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(Bethune, héros de notre temps)

Year: 1964
Language: English
Format: 16mm Black & White
Runtime: 59 min
Director: Donald Brittain
Producer: Donald Brittain, John Kemeny
Executive Producer: Guy Glover
Writer: Donald Brittain, John Kemeny
Cinematographer: Robert Humble, Murray Fallen, François Séguillon
Editor: John Kemeny
Sound: George Croll, Roger Hart, Sidney Pearson
Narration: Lister Sinclair
Production Company: National Film Board of Canada
This award-winning biographical documentary is a forceful and sympathetic portrait of Norman Bethune, the Canadian doctor who served first with the loyalist forces against the fascists in the Spanish Civil War and later with Mao’s Red Army in China. In Spain, he pioneered the world’s first mobile blood-transfusion service; in China, his work behind battle lines to save the wounded – and his death while operating under fire – made him a legendary figure, to the Chinese in particular.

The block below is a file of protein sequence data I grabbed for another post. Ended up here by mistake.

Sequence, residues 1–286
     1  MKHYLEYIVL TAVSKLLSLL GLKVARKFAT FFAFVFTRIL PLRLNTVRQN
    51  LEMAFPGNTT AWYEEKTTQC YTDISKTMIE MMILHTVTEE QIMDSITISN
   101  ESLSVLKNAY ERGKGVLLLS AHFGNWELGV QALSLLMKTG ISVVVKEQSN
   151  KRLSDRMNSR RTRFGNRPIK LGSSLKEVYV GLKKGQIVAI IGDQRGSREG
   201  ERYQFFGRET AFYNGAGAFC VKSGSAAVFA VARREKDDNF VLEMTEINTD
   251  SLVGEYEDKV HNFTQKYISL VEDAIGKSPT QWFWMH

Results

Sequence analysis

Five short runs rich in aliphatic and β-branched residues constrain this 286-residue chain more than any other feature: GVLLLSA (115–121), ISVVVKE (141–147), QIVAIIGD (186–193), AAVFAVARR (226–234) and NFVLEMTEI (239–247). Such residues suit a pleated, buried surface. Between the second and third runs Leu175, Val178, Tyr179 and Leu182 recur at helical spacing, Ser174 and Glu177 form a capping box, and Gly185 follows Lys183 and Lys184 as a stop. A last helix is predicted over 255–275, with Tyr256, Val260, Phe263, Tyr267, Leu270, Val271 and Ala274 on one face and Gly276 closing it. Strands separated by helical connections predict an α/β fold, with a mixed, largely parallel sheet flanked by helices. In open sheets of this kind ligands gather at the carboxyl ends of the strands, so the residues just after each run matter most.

Bethune is arguably Donald Brittain’s finest work apart from The Champions trilogy (1977 and 1986). It is comprised of photographs and interviews with some of Bethune’s surviving friends and colleagues, and is held together by Brittain’s marvellous commentary (narrated by Lister Sinclair), which takes the view that Bethune – a committed communist – was a "great man." Some criticized this approach as being antithetical to what Bethune himself stood for. Furthermore, the political implications made the National Film Board management nervous, and as a result the film never received official approval. In spite of the controversy, Bethune was a great success in Canada and the United States.

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